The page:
In the same way that your tongue seeks out the space left by a missing tooth, or the way your hands caress different fabrics as they slip through the fingers, my feet crave foreignness. They are desiring that unknown element that comes with venturing into another country and knowing that the earth beneath my feet is something both ancient to the world and yet new to me.
I am driven by that quest for knowledge of hidden textures, other lives and unexplored possibilities. I need to be free to explore and lose myself completely, if but for a short while.
I want to be unknown to others and forget who I was or who I am.
I want no agendas and no constraints.
I want to slip away in a crowd and be swept along by nothing more than my mood or some fleeting thought or desire.
I crave nothingness and yet I want to experience everything. I want to know how it feels to breathe the air in Italy. I want to see the wonders of Africa with my own eyes. I want to know what it’s like to take in the view from the Eiffel Tower. I want to reach out and touch the bark of an ancient tree in New Zealand. These are things that cannot be told and cannot be read, they need to be done for one’s self and savoured as an individual sensory experience.
I want to feel with my fingers pressed against a wall, sense through the ground beneath my feet and imagine with my mind all that has come before. I want to soak in the knowledge that history has passed underneath my hand, beneath my feet or under my gaze. I want to take this knowledge to heart and be thankful for it. I want to be reminded that at this point in time or at this place many more have come before and looked upon this spot or felt the grit beneath their fingers in much the same way as me.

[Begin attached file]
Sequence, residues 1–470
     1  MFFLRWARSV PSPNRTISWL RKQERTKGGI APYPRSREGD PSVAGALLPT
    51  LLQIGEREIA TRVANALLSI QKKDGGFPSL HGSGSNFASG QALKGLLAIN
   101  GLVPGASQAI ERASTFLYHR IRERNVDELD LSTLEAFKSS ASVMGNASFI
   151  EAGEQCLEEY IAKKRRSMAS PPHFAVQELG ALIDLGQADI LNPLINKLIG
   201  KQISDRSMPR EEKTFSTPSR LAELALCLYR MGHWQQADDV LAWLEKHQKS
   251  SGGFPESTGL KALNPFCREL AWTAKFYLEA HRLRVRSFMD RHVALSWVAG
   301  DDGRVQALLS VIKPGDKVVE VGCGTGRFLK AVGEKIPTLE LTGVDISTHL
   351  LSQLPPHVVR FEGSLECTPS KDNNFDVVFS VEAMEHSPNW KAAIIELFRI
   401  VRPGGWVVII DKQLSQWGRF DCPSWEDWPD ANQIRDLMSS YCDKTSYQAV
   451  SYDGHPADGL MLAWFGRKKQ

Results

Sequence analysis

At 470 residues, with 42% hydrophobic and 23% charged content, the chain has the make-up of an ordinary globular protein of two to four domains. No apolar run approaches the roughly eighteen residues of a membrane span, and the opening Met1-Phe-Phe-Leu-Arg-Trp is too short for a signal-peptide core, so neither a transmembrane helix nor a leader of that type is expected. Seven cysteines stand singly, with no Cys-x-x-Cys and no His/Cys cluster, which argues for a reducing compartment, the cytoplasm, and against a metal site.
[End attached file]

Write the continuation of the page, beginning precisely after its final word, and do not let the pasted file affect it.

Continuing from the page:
I want to sense all that is still yet to pass. I want to recognise that time does not wait, that everything moves, everything changes, and nothing remains the same. This cannot be done at a distance. It is necessary to reach out and place yourself directly in such a moment to remember, because in the end sometimes memories are all that remain.
While my being in a place at a particular time may not be recognised and recorded by all, such visits do go down in one version of history. They become part of my own personal history. Though these records may never be written they will be with me always and turned to time and time again.